In the years leading up to the pandemic, most Americans were hyper-focused on national-level politics, with Trump, the Democrats or the Republicans seemingly responsible for everything good or bad in …
In the years leading up to the pandemic, most Americans were hyper-focused on national-level politics, with Trump, the Democrats or the Republicans seemingly responsible for everything good or bad in the nation.
Of course, Covid changed so much. People began to realize that the little boards operating right in their backyards were actually powerful and impactful.
If they were frustrated by mandatory quarantine and student masking rules, they quickly discovered that the local school committee set those rules. If they were miffed by the increasing escrow payments on their mortgage during a global pandemic, they discovered the local town council approved those tax increases.
At the same time the influence of local governance was coming into focus, so too were the boards themselves. Barred from meeting in person, they adopted Zoom and remote formats where anyone in the world could “attend” a local meeting from their kitchen or couch.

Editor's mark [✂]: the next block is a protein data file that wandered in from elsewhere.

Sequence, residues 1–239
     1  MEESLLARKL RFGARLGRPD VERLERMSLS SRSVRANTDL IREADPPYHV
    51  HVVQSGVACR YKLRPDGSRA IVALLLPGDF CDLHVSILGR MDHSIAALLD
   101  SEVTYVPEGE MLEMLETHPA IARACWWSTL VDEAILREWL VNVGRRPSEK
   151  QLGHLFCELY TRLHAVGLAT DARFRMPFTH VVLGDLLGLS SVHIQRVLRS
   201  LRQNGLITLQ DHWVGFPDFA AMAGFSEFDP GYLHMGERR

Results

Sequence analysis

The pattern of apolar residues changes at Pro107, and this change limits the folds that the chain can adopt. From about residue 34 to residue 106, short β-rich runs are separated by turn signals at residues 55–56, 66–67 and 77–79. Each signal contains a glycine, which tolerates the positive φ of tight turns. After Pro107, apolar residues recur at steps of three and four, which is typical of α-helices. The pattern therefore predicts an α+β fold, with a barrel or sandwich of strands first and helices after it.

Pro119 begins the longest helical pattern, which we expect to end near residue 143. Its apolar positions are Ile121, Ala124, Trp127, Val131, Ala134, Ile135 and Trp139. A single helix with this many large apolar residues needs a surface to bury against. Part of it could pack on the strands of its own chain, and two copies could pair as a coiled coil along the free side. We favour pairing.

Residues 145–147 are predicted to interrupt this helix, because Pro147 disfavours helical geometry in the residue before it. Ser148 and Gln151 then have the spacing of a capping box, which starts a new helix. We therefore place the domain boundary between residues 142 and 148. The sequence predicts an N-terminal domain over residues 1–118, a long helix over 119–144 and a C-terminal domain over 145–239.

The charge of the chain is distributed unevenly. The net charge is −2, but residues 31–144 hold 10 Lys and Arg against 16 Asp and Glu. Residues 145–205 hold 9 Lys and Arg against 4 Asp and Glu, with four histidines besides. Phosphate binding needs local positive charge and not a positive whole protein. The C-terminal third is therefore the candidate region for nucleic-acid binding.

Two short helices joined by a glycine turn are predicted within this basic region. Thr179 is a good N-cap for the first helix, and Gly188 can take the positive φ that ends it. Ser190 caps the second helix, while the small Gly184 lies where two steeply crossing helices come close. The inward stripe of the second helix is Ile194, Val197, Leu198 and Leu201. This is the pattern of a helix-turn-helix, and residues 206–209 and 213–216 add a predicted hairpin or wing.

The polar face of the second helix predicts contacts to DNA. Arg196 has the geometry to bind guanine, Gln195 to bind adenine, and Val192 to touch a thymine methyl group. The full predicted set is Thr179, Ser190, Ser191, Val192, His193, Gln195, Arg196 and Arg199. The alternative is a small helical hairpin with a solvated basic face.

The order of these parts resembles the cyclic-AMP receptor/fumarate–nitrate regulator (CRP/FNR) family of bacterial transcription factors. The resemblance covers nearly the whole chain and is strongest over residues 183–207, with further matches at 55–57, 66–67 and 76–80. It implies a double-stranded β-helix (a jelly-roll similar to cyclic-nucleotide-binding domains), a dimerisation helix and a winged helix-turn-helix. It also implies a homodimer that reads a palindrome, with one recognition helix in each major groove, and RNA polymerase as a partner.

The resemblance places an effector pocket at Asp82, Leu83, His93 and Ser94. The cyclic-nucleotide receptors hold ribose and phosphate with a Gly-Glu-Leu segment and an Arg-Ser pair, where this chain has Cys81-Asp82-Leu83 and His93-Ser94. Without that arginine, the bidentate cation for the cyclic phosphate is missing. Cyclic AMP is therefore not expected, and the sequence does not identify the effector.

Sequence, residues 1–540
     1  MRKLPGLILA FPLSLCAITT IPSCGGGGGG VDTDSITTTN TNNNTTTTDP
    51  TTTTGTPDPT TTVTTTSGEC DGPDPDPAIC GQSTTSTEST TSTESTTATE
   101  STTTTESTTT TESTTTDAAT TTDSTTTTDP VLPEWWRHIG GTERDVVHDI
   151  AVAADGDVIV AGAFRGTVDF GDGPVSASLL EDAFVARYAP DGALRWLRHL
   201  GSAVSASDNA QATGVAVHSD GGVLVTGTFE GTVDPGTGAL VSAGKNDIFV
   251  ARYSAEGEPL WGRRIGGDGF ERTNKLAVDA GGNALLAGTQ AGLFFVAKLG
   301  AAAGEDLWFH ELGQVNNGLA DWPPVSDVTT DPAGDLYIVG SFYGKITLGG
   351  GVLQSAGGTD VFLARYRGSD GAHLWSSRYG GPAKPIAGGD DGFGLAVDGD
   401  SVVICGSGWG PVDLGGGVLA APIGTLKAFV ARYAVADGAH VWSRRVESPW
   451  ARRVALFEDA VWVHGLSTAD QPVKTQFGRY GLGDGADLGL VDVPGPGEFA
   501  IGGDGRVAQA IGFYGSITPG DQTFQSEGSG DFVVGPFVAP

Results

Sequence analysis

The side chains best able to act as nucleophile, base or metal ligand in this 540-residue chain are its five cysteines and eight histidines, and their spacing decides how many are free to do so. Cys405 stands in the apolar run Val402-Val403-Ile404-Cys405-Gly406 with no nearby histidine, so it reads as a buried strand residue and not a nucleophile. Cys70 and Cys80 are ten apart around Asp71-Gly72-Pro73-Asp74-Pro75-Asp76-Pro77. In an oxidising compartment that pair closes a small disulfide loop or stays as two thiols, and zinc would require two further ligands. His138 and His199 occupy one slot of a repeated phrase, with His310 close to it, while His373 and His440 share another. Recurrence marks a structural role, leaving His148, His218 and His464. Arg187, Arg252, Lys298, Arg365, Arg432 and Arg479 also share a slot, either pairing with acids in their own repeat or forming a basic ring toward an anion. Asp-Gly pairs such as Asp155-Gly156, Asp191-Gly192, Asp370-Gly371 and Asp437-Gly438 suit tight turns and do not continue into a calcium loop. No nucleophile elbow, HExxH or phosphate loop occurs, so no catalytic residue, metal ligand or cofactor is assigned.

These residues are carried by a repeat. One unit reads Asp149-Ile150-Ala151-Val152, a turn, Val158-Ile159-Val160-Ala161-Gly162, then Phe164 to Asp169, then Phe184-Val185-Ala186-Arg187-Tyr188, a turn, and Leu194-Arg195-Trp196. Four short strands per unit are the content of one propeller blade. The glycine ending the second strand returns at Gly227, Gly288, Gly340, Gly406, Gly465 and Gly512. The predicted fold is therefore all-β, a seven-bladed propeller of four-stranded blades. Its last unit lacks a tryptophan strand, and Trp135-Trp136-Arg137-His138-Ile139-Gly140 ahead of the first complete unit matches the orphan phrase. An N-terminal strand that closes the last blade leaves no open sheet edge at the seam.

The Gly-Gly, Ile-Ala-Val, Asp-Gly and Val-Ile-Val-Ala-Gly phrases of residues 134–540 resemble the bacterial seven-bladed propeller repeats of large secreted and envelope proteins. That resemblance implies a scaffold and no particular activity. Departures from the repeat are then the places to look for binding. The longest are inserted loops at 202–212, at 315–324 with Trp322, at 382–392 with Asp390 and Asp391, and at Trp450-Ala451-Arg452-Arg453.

Thanks to the pandemic, the public’s interest in local government is higher than it has been in many years — which is why a new American Civil Liberties Union Rhode Island (ACLU) report is so striking. Across Rhode Island’s 39 cities and towns, the ACLU found vastly different interpretations of the state’s Open Meetings Law and the formats for “public comment” at live meetings.
Some local boards offer no formal public comment period. Many restrict the time allowed for public comment. Many others restrict comments to items on the agenda for that meeting — or items NOT on the agenda for that meeting. Some require registration in advance; others allow anyone to stand up and speak if inspired to do so in the moment. Many have policies describing what people should not do, like talk about “personnel” or “personalities,” or be “uncivil” or “inappropriate” (good luck getting a clear definition of what those mean).
Within the report, the ACLU includes a series of best practices, which not surprisingly are designed to make public comment periods open, flexible and easy for all, with no restrictions on free speech or the First Amendment. Adhering to these standards can create a burden on the boards, and their leadership, to balance the public’s interests while productively holding a meeting on vitally important matters.
Yet such is the burden of leadership. Town councils and school committees hold enormous power over issues that impact daily life for the people living within their communities. They need to be as open and accessible as possible, to preserve one of the most important principles of this democracy.
The public shares a voice in its government. It always has, and it always should.